It's a numbers problem without a simple answer: what should Australia do about its falling maths scores?
This week, the news that national results have slumped to the OECD average for the first time in the history of PISA's global testing regime set alarm bells ringing. Performance is also sliding across reading and science, but the fall has been unusually sharp in maths compared to most other countries and experts are calling for an urgent rethink of the system.
Federal Education Minister Dan Tehan wants the curriculum de-cluttered and education brought back to basics, with more teacher training in skills such as phonics. But some in the field have dismissed the familiar refrain about literacy and numeracy 101, noting that PISA tests 15-year-olds on their deeper problem-solving and that, while NAPLAN results have also flatlined in the past decade, they show the early years' foundations remain fairly strong.
It's the complex learning Australia seems to struggle with, says Dr Rachel Wilson at the University of Sydney.
Wilson has researched teacher quality and school funding extensively and points to a number of differences in the Australian system. Unlike most countries, she says, maths is not compulsory in the senior school years - though NSW has recently moved to bring in the rule for Year 11 and 12. There is also no policy to ensure the highest skilled teachers are placed with the schools most in need, she says, to say nothing of our low benchmarks for entry into a teaching degree or "unusual" school funding arrangements which, even after the Gonksi push to equity, still haven't bridged the class divide between the public and private sectors.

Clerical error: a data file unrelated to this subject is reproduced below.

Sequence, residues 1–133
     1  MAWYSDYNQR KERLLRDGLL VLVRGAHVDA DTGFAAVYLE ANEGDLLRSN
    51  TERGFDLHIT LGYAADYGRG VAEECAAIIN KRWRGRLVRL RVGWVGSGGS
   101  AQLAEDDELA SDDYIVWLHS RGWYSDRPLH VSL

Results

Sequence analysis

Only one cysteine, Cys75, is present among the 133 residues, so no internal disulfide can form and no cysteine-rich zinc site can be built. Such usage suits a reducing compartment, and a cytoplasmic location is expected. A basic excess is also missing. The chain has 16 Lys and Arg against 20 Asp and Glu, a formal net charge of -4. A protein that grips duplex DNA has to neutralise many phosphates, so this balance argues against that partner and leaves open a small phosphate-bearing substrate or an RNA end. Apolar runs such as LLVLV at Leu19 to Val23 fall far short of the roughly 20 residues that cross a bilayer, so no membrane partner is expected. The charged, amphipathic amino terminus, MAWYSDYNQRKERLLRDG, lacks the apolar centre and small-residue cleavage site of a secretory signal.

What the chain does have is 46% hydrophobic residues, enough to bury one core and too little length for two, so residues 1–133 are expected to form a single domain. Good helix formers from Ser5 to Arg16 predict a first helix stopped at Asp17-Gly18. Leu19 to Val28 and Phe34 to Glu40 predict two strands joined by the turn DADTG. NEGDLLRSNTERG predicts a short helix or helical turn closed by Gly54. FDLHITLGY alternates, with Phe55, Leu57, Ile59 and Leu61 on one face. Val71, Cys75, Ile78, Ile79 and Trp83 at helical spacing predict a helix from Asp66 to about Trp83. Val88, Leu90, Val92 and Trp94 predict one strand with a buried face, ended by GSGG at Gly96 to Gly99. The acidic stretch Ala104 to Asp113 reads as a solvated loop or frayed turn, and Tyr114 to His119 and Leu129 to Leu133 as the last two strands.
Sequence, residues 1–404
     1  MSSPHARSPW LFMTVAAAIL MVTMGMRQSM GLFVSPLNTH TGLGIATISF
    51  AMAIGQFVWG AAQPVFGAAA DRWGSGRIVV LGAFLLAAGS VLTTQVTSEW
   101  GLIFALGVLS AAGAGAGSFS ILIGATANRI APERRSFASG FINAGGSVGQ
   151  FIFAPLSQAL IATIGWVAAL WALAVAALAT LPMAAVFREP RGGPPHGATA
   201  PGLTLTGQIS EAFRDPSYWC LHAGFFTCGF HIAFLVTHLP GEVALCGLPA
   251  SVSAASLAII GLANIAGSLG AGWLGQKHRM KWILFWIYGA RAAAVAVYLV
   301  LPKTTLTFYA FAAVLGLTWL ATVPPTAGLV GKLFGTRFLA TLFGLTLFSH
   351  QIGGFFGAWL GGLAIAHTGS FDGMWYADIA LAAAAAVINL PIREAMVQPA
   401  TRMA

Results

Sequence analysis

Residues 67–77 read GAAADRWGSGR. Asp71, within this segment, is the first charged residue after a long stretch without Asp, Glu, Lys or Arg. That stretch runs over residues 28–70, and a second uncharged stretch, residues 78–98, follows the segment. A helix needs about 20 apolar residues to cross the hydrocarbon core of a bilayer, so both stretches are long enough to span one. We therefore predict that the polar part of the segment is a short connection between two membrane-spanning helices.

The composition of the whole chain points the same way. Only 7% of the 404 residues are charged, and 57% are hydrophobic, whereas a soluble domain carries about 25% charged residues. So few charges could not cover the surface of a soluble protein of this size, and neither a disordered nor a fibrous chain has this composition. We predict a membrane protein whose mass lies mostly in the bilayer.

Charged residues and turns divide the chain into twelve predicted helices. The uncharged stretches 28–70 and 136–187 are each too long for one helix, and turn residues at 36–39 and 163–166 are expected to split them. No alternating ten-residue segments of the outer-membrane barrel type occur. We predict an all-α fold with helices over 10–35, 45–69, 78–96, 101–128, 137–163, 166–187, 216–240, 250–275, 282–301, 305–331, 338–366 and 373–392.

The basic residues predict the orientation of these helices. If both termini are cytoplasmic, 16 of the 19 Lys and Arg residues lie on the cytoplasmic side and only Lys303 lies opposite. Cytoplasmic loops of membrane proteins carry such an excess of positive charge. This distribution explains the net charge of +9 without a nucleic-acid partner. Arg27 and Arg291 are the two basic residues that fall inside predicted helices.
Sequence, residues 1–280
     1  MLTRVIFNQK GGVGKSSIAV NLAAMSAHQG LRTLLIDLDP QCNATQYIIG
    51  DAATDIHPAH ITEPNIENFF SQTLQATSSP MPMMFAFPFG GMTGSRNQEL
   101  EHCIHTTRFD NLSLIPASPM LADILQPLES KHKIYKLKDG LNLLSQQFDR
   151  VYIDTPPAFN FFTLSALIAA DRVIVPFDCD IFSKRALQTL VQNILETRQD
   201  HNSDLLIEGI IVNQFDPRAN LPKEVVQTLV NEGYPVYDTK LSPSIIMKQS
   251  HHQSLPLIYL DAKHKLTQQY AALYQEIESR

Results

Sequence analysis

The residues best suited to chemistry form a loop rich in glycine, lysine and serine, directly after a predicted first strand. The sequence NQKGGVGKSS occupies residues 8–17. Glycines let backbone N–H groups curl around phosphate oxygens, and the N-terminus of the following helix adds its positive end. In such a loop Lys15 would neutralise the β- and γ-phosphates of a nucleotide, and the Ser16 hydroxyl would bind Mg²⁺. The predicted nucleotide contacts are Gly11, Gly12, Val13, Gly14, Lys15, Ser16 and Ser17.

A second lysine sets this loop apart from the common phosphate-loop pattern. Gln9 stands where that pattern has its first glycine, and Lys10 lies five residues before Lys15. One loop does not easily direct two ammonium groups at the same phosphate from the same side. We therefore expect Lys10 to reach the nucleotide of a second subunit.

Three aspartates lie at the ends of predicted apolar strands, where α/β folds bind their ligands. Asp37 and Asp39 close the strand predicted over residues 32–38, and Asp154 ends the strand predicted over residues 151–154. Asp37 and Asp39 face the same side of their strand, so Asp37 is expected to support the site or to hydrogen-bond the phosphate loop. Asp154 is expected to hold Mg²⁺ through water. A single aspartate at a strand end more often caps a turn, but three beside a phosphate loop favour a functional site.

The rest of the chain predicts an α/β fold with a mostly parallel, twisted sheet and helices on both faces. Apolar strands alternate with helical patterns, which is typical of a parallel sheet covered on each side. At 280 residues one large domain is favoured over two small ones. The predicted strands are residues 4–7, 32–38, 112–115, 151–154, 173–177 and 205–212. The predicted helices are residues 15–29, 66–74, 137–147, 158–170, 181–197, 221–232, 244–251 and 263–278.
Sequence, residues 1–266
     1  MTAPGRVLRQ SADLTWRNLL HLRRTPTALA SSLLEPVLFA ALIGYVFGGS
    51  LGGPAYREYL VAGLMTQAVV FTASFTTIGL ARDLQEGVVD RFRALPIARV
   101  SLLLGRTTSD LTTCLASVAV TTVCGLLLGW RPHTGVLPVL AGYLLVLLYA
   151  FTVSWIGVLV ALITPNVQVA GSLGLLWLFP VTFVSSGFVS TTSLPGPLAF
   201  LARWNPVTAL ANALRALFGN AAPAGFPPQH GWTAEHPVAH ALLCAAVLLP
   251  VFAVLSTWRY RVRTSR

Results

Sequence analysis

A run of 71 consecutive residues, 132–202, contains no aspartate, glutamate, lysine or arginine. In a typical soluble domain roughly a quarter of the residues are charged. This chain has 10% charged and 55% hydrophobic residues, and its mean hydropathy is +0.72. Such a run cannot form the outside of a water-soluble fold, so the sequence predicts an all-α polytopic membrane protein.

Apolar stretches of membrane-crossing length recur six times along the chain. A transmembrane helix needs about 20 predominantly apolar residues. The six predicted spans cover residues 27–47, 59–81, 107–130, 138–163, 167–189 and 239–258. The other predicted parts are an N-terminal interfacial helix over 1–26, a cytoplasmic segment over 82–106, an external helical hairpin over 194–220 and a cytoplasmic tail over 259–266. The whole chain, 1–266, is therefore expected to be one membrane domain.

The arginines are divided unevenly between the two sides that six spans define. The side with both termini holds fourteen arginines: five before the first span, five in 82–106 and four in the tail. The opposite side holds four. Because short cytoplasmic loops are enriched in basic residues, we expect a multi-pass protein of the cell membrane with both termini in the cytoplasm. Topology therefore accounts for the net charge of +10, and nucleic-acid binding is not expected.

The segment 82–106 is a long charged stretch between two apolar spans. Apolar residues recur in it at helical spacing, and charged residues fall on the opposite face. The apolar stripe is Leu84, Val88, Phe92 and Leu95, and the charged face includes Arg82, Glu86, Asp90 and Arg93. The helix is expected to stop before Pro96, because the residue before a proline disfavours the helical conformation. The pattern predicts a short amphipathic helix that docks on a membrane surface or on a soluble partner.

But, at the Australian Mathematical Sciences Institute, school program manager Janine Sprakel admits Australia also has a problem with maths itself.
"It's more than just a phobia, it's a sense that it doesn't matter, a lack of respect for the discipline," she says. "I think it's worse here than elsewhere, this idea that you don't have a maths brain, you can't do it."
Chantal La is winding up her first year teaching mathematics to Year 11 and 12 students in the ACT, where PISA results are also falling long-term but have seen an uptick in the latest round.
La brings her own excitement for the world of numbers into the classroom each day, but admits the most challenging part has been convincing students they should be there too.
"These are really bright kids but as soon as they come to that hour of maths they have no confidence," she says.
"I'm often doing little motivational speeches along the way. I try to be honest with the kids, if I'm stuck too I say 'let's work it out together'.
For La, maths teaches more than dry theory - it's a crucial training ground for problem solving and critical thinking.
"We try to bring it into the real-world. We've looked at the stats behind weather patterns or solar radiation...You do see kids completely turn around."
But teachers like La are a dwindling resource - Dr Sue Thomson, who manages the Australian arm of PISA testing, points to a national shortage of specialised maths teachers.